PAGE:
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There are this interesting properties about prime numbers, where a number of $n$ digits can have $k$ primes within it's digits

Examples: $1999$ has three primes in it, $\color{blue}{19}99, \color{blue}{199}9, \color{blue}{1999}$. Therefore we can say $1999$ is $4k_2$ prime (where $2$ here means the distinct digits of the number and $4$ is the number of primes within)

$23333$ contains five primes, $\color{blue}{2}3333, \color{blue}{23}333, \color{blue}{233}33, \color{blue}{2333}3, \color{blue}{23333}$. We can say $23333$ is $5k_2$ prime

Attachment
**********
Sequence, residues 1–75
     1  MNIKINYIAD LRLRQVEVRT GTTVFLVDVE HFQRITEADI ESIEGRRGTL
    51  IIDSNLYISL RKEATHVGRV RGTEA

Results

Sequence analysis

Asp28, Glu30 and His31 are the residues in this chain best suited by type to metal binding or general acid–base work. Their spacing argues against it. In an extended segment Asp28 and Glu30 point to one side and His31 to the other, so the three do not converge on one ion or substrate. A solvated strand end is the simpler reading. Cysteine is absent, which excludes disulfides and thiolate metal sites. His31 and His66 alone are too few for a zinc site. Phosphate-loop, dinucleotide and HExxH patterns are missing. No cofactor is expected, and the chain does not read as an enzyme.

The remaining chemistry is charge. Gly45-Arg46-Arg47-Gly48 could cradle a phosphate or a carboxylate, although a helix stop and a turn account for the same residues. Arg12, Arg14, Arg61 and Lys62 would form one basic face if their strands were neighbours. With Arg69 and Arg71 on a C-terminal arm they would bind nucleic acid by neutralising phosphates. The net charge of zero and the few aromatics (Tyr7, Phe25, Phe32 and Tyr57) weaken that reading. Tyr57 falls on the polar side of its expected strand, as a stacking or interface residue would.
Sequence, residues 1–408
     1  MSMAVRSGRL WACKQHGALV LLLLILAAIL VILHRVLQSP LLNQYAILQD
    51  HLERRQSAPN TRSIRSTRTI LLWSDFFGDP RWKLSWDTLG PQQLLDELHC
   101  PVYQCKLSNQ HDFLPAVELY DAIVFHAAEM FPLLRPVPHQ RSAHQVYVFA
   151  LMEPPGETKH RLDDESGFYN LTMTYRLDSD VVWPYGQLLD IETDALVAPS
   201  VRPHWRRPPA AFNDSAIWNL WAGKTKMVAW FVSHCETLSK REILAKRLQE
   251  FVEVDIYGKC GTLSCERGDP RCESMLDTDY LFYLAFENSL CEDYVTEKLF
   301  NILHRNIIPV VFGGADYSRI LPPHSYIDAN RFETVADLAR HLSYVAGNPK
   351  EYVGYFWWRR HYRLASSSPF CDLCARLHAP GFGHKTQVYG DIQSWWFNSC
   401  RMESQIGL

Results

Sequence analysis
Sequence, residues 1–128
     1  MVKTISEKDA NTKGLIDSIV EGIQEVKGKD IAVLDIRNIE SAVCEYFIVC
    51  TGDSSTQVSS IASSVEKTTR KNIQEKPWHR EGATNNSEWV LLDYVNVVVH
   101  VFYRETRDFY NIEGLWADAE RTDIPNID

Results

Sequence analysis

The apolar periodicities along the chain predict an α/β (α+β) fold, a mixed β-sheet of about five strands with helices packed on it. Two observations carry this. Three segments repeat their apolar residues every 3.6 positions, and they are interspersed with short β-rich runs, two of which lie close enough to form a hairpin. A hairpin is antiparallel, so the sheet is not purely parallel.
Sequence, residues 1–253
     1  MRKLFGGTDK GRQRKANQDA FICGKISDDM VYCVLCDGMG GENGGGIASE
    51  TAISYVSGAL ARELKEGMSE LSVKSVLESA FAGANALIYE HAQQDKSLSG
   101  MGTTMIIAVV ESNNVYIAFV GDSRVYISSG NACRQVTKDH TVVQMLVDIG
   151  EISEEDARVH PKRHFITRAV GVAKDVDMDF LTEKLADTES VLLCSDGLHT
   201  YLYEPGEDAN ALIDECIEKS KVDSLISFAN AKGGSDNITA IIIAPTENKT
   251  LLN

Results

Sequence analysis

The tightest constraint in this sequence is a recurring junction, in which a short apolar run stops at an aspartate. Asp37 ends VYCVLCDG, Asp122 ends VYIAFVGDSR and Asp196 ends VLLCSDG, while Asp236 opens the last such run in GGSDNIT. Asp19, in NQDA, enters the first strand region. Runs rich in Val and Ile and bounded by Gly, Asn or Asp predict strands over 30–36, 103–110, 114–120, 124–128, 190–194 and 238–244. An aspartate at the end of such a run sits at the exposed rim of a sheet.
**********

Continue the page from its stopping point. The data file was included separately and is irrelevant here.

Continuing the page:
$1327$ is not a $k$ prime, since although $13$ is a prime, $\color{blue}{132}7$ is not a prime (therefore, it doesn't have consecutive primes in it's digits)

Do we know of any conditions on $n,c$ where at-least a prime of form $ck_n$ exist?

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You might look at OEIS sequence A024770. This is not quite the same as what you're doing, though: for example $1999$ and $1327$ are not in A024770 since $1$ is not prime.

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